Here, to whet our appetites, he discusses the importance of managing online reputation and pre-empting digital vulnerabilities well ahead of crisis scenarios._GET9560_x

The former England rugby coach Sir Clive Woodward once said: “The more you’ve thought about challenges in advance, the more you can sail through them when they happen.” This is never more applicable when it comes to crisis communications and highly prescient in the digital age.

We’ve reached an important inflexion point when it comes to the amount of information which intentionally or unintentionally ends up on the web. The arcane nature of the challenges this poses to reputation management professionals will dominate and radically re-shape the industry in the years to come. And just like most things tech – it won’t be a gradual change – it will be disruptive, it will be fast and it will redefine the comms skillset.

Sharing our business or personal lives via social media – Facebook, Instagram, Twitter in particular – is now an unstoppable train. It is entirely normal and in some cases necessary. Whereas ten years ago, even five years ago, it would have proved unthinkable. While we and our friends or colleagues project every aspect of our lives online, an uncontrolled narrative is created. As more and more historical paper archives about our lives get digitalised, so the picture grows. Before we know it, there is a wealth of information about us in the digital stratosphere, some we may be aware of because we posted it ourselves, but most often not.

So what –  might you say?  My personal online profiles are very much private and separate from my corporate digital footprint. But are they really?

Then the crisis occurs.

The historical, irrelevant comments made in an interview by the CEO suddenly become very relevant, indeed. A run of the mill Twitter posting from two years ago is suddenly picked through for nuance.  Worst of all, you unexpectedly and bafflingly find the CEO’s daughter or son’s Facebook picture of the family holiday on their personal yacht in Ibiza plastered on the cover of the Daily Mail. A perfectly engineered story about them – with their help – is constructed in seconds. And you, as the comms adviser, can only helplessly watch it unfold.

And this is where the inflexion point has occurred. Hostile third parties, criminals or cyber hackers and dare I say it, often journalists, can skilfully and efficiently navigate through the wealth of information online – a precious digital library at their fingertips. Yet we continue to share…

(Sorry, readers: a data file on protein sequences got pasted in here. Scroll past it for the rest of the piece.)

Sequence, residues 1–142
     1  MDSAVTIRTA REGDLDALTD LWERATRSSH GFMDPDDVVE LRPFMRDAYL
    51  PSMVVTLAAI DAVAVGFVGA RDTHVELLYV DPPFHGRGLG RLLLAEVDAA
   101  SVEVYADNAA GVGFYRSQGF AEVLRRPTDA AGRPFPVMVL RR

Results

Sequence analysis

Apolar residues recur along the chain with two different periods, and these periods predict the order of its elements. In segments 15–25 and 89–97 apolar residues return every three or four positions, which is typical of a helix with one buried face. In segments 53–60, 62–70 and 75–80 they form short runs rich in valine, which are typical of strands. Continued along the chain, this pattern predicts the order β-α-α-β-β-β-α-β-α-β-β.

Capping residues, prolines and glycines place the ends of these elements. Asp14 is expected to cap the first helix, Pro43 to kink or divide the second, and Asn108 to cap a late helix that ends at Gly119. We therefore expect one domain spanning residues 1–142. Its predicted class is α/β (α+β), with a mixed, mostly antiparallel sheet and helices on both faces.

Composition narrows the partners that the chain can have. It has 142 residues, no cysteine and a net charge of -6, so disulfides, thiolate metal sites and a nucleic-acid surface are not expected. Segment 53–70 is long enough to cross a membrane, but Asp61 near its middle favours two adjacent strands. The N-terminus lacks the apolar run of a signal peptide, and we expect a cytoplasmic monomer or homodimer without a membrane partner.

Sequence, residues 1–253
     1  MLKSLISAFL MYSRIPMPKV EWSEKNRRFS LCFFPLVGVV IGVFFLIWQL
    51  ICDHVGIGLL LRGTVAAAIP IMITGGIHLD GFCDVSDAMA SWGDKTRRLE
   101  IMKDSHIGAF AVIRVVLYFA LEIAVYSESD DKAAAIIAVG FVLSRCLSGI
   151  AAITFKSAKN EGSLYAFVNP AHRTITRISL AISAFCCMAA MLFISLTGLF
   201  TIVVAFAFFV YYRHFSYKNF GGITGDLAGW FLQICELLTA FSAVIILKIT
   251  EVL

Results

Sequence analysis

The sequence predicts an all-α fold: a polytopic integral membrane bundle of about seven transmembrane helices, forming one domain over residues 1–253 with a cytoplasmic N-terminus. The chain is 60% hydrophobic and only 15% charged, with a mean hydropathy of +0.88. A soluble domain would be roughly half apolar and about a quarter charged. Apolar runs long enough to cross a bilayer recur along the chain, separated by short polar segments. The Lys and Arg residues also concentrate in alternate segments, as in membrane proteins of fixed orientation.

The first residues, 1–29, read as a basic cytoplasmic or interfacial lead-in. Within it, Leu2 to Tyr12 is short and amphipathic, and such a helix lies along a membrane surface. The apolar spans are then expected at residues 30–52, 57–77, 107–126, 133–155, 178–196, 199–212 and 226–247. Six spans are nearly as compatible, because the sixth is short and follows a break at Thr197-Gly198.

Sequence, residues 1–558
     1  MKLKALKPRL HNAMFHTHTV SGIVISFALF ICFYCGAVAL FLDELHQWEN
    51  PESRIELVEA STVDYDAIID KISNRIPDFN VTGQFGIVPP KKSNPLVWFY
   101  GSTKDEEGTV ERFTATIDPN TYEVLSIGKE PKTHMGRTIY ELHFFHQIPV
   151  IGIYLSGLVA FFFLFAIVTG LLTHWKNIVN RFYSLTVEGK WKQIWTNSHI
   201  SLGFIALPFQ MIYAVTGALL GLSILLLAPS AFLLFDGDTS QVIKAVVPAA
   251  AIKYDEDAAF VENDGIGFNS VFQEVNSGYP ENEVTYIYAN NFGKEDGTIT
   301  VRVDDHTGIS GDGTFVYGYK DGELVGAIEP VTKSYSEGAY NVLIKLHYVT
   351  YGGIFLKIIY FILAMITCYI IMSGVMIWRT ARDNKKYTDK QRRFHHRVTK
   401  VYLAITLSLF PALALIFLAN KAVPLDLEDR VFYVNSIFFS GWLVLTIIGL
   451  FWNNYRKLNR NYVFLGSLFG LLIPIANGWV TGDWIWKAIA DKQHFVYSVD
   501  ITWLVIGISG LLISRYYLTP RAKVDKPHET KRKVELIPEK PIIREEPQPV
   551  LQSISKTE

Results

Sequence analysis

The answer isn’t to ban social media, call a halt to any interviews or live the life of a hermit. However, it does mean that for those of us reputation management advisers, it is imperative to be continually aware and possess the technological weapons and intelligence to manage the digital footprint and therewith digital vulnerabilities of your clients. It goes beyond vanilla social media and traditional monitoring and directly into the “unknown” area of deep web trawling, information extraction and big data analysis.

That is where the evolution for crisis communications and risk management is taking us –  fully pre-empting your client’s digital vulnerability, on a personal and professional level, on the indexed and unindexed web, a long way before the crisis hits.

Digital reputation mitigation is earning its place at the Board table now that the biggest issue in the board room is online risk (PWC report cybersecurity) and reputational damage is the second biggest threat (2017 Deloitte report).

Some say you have ten minutes to respond to a crisis and control it in the social media age. With an in-depth understanding of your client’s digital vulnerabilities and strengths, as Sir Clive Woodward might say, “when the waters get choppy you will be able …to sail through them far more confidently”.

Charlie Bain is the Chief Operating Officer of Digitalis Reputation, tech-powered online reputation and digital intelligence firm.